Pupils' internet usage at school is closely monitored and pupils are taught how to stay safe online. Consequently, your school has achieved external accreditation for its work on e-safety. Inspection findings ? I wanted to know about pupils' rates of attendance.

This is because, in the past, the proportion of pupils who were regularly absent from school was above the national average. Although attendance figures remain below national averages, most pupils attend school regularly. The school's overall average remains low because of those pupils who, of necessity, have higher levels of absence because of their medical needs.

You understand the reasons why these pupils are absent from school and you do all that you can to ensure that they attend regularly. You have robust systems in place to ensure that those pupils who are absent from school are safe. ? The pastoral team has fostered effective relationships with parents.

This means that those pupils who are regularly absent from school are extremely well supported and, therefore, they make good progress. ? I was also interested to know more about pupils' outcomes at key stage 4. You place a strong emphasis on giving your pupils the opportunity to sit GCSE examinations if this is in their best interests.

Their GCSE results show that that this is a successful strategy for many. It also gives pupils access to mainstream colleges. Provisional information for key stage 4 in 2018 shows that many of your pupils gained valuable GCSE qualifications that prepare them well for the next stage in their education.

• Given the number of vacancies on the governing body, I was interested to know whether governors are effective in holding leaders to account. In discussions with governors it was clear that despite the vacancies the governors are effective. ? Through well-established links, governors know the school very well.

They have a clear understanding of the school's strengths and the areas for development. This enables them to challenge school leaders appropriately. For example, they were able to speak in detail about the progress that pupils make and describe the actions you have taken to support those who fall behind.

By challenging leaders effectively, the governing body ensures that actions are effective in maintaining an outstanding quality of education. ? Leaders do not shy away from seeking the views of parents and they do this through surveys, questionnaires and parents' evenings. The vast majority of parents are very happy with the school.

They appreciate the quality of education that their children receive. However, a small number expressed some concerns during the inspection. These concerns relate to the progress that their children are making and also to the quality of communication about progress between the school and parents.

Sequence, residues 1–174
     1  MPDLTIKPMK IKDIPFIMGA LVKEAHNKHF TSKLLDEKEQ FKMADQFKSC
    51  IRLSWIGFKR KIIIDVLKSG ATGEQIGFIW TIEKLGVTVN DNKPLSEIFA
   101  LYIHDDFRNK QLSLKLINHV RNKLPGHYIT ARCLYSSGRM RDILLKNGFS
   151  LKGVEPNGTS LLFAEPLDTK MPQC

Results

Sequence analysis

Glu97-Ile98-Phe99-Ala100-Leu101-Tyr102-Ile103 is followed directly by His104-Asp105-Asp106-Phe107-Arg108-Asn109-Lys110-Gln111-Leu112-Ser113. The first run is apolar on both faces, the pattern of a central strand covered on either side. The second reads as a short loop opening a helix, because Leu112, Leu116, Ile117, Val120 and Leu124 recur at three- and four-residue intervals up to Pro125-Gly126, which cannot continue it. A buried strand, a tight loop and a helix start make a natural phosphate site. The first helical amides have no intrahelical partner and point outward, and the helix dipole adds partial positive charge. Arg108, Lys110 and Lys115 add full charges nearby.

• We gathered evidence through visits to classes, focused checks on pupils' work and scrutiny of the school's progress-monitoring systems. These showed that the overwhelming majority of pupils make extremely strong progress from their different starting points. This is because of high-quality teaching and a curriculum that is tailored to pupils' individual needs.

Nonetheless, there is work to do to ensure that some parents feel better informed about the progress that their children are making. Next steps for the school Leaders and those responsible for governance should ensure that: ? communication with parents improves so that they feel well informed and confident about their child's progress. I am copying this letter to the chair of the governing body, the regional schools commissioner and the director of children's services for Wigan.

This letter will be published on the Ofsted website. Yours sincerely Mark Burgess Ofsted Inspector Information about the inspection During the inspection, inspectors met with you and other leaders. An inspector also met with two members of the governing body and a representative of the local authority.

Inspectors met formally with a group of pupils and spoke with pupils informally at social times. An inspector also met formally with a group of staff. Leaders accompanied inspectors on visits to classrooms, where they observed teaching and learning across a range of subjects.

They also looked at pupils' work across the school. Inspectors examined a range of documentation, including that relating to safeguarding. They also scrutinised a range of policies and leaders' school improvement plan and self-evaluation.

Inspectors also checked on the school's website. Inspectors considered the responses of 29 parents to Parent View, Ofsted's online survey, along with free-text comments and some telephone calls made to Ofsted during the inspection. They also took account of 41 responses to Ofsted's staff survey and 15 responses to Ofsted's pupil survey.